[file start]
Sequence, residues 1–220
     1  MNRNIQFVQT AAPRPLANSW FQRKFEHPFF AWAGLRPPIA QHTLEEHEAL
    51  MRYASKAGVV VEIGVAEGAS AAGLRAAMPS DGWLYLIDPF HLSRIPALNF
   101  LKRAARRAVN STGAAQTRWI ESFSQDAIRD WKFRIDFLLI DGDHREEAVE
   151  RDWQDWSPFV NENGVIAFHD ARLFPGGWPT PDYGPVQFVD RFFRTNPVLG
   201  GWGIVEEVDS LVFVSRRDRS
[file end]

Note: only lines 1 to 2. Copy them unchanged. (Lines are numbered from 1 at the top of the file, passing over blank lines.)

Sequence, residues 1–220
     1  MNRNIQFVQT AAPRPLANSW FQRKFEHPFF AWAGLRPPIA QHTLEEHEAL